Waste treatment Waste treatment and disposal sites can also create health hazards for the neighbourhood. Improperly operated incineration plants cause air pollution and improperly managed and designed landfills attract all types of insects and rodents that spread disease. Ideally these sites should be located at a safe distance from all human settlement. Landfill sites should be well lined and walled to ensure that there is no leakage into the nearby ground water sources.
Recycling Recycling too carries health risks if proper precautions are not taken. Workers working with waste containing chemical and metals may experience toxic exposure. Disposal of health-care wastes require special attention since it can create major health hazards, such as Hepatitis B and C, through wounds caused by discarded syringes. Rag pickers and others who are involved in scavenging in the waste dumps for items that can be recycled, may sustain injuries and come into direct contact with these infectious items.

Solution to address Solid Waste Problem

Bioremediation Bioremediation uses natural and recombinant microorganisms to break down toxic and hazardous substances in a solid waste by aerobic and anaerobic means.
Biomining Biomining is the process of using microorganisms (microbes) to extract metals of economic interest from rock ores or mine waste. Biomining techniques may also be used to clean up sites that have been polluted with metals.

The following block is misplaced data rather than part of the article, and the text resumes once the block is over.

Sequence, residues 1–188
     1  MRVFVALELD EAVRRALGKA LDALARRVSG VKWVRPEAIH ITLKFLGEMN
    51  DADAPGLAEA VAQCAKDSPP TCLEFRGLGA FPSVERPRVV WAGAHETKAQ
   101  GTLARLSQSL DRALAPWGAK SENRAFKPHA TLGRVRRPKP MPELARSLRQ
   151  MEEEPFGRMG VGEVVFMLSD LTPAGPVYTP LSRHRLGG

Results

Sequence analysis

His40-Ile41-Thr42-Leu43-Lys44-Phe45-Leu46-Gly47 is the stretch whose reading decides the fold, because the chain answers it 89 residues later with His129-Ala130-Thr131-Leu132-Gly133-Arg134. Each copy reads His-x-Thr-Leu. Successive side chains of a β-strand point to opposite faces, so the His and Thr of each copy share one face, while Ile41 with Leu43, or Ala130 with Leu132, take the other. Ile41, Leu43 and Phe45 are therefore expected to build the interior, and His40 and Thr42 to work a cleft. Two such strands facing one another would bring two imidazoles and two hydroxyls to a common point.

Laying down clear technical norms It is significant that Bio-mining and Bio-remediation is made mandatory for areas wherever it can be applied. It shouldn’t be left to the discretion of municipalities to decide whether there are geographical constraints that prevent the use of the aforementioned techniques.
Decentralization of waste management It is important that waste management is decentralized. Ambikapur in Chhattisgarh and Vellore present a very good example of the same where the waste was collected in a decentralized manner, composted naturally and is planted.
Awareness Campaign A massive awareness campaign in association with communities, NGOs, students and other stakeholders needs to be planned to push for better implementation of these rules. The Rules need to focus on making solid waste management a people's movement by taking the issues, concerns and management of solid waste to citizens and grass-roots.
Waste management The key to efficient waste management is to ensure proper segregation of waste at source and to ensure that the waste goes through different streams of recycling and resource recovery
Waste to energy Waste to energy is a key component of SWM. Installation of waste-to-compost and bio-methanation plants can reduce the load of landfill sites
Reinvention of waste management There is a need to bolster research and development so as to reinvent waste management system in India. The focus should be on recycling and recovering from waste, not landfill. Further, it is important to encourage recycling of e-waste so that the problem of e-waste can be resolved.
Public- Private Partnership Public- Private Partnership models for waste management should be encouraged

Methods of Solid Wastes Disposal: